Sunday, April 12, 2015

Book Excerpt: A Ghostly Grave



Today we have book excerpt from Tonya Kapps latest Ghostly Southern Mystery, called A Ghostly Grave. This is the second book in the series. You can see the beginning of the first book, A Ghostly Undertaking here


Just think, this all started because of Santa Claus. I took a drink of my large Diet Coke Big Gulp that I had picked up from the Buy and Fly gas station on the way over to Sleepy Hollow Cemetery to watch Chicken Teater’s body being exhumed from his eternal resting place—only he was far from restful.

Damn Santa. I sucked up a mouthful of Diet Coke and swallowed. Damn Santa.

 No, I didn’t mean the real jolly guy with the belly shaking like a bowlful of jelly who leaves baby dolls and toy trucks; I meant the plastic light-up ornamental kind that people stick in their front yards during Christmas. The particular plastic Santa I was talking about was the one that had fallen off the roof of Artie’s Deli and Meat just as I happened to walk under it, knocking me flat out cold. 

Santa didn’t give me anything but a bump on the head and the gift of seeing ghosts—let me be more specific—ghosts of people who have been murdered. They called me the Betweener medium, at least that was what the psychic from Lexington told us . . . us . . . sigh . . . I looked over at Jack Henry. 

The Ray Ban sunglasses covered up his big brown eyes, which were the exact same color as a Hershey’s chocolate bar. I looked into his eyes. And as with a chocolate bar, once I stared at them, I was a goner. Lost, in fact. 

Today I was positive his eyes would be watering from the stench of a casket that had been buried for four years—almost four years to the day, now that I thought about it. 
Jack Henry, my boyfriend and Sleepy Hollow sheriff, motioned for John Howard Lloyd to drop the claw that was attached to the tractor and begin digging. John Howard, my employee at Eternal Slumber Funeral Home, didn’t mind digging up the grave. He dug it four years ago, so why not? He hummed a tune, happily chewing—gumming, since he had no teeth—a piece of straw he had grabbed up off the ground before he took his post behind the tractor controls. If someone who didn’t know him came upon John Howard, they’d think he was a serial killer, with his dirty overalls, wiry hair and gummy smile. 

The buzz of a moped scooter caused me to look back at the street. There was a crowd that had gathered behind the yellow police line to see what was happening because it wasn’t every day someone’s body was plucked from its resting place. 

“Zula Fae Raines Payne, get back here!” an officer scolded my granny, who didn’t pay him any attention. She waved her handkerchief in the air with one hand while she steered her moped right on through the police tape. “This is a crime scene and you aren’t allowed over there.” 

Granny didn’t even wobble but held the moped steady when she snapped right through the yellow tape.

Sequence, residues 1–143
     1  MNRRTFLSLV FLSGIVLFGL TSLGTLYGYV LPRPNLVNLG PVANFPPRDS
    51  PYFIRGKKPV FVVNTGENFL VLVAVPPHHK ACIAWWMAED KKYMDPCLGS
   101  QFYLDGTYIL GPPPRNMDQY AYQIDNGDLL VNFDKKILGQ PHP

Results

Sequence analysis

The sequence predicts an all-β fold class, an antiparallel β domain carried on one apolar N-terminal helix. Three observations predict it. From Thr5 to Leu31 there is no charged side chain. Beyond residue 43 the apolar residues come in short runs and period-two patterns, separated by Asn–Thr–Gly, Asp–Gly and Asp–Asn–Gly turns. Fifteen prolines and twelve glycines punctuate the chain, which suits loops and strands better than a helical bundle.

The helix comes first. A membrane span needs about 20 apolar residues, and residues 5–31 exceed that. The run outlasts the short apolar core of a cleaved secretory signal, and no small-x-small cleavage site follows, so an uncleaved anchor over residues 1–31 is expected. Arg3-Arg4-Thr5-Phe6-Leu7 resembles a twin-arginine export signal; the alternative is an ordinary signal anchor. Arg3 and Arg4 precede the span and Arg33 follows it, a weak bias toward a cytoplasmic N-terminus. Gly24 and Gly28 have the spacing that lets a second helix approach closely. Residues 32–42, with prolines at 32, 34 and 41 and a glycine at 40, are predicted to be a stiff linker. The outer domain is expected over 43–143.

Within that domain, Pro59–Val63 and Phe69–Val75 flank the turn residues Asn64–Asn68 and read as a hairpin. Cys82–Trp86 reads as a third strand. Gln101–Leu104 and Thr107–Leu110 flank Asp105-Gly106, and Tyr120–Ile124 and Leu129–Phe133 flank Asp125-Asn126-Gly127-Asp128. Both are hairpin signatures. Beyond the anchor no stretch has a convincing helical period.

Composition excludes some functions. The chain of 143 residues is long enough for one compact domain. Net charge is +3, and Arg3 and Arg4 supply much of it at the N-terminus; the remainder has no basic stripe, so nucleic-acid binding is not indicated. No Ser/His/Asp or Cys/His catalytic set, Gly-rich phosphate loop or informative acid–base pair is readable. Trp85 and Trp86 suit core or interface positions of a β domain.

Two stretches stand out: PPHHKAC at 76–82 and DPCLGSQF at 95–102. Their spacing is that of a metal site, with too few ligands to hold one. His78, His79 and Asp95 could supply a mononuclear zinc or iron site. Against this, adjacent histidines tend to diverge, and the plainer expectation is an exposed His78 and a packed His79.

“Woo hoooo, Emma!” Granny hollered, ignoring the officer, who was getting a little too close to her. A black helmet snapped on the side covered the top of her head, giving her plenty of room to sport her large black-rimmed sunglasses. She twisted the handle to full throttle. The officer took off at a full sprint to catch up to her. He put his arm out to grab her. “I declare!” Granny jerked Zula Raines Payne, the owner of Eternal Slumber, and this is one of my clients!” 

“Ma’am, I know who you are. With all due respect, because my momma and pa taught me to respect my elders—and I do respect you, Ms. Payne—I can’t let you cross that tape. You are going to have to go back behind the line!” He ran behind her and pointed to the yellow tape that she had already zipped through. “This is a crime scene. Need I remind you that you turned over operations of your business to your granddaughter? And only she has the right to be on the other side of the line.” 

I curled my head back around to see what Jack Henry and John were doing and pretended the roar of the excavator was drowning out the sounds around me, including those of Granny screaming my name. Plus, I didn’t want to get into any sort of argument with Granny, since half the town came out to watch the 7-a. m. exhumation, and the Auxiliary women were the first in line—and would be the first to be at the Higher Grounds Café, eating their scones, drinking their coffee and coming up with all sorts of reasons why we had exhumed the body.


I could hear them now. Ever since Zula Fae left Emma Lee and Charlotte Rae in charge of Eternal Slumber, it’s gone downhill, or my personal favorite, I’m not going to lay my corpse at Eternal Slumber just to have that crazy Emma Lee dig me back up. Especially since she’s got a case of the Funeral Trauma.

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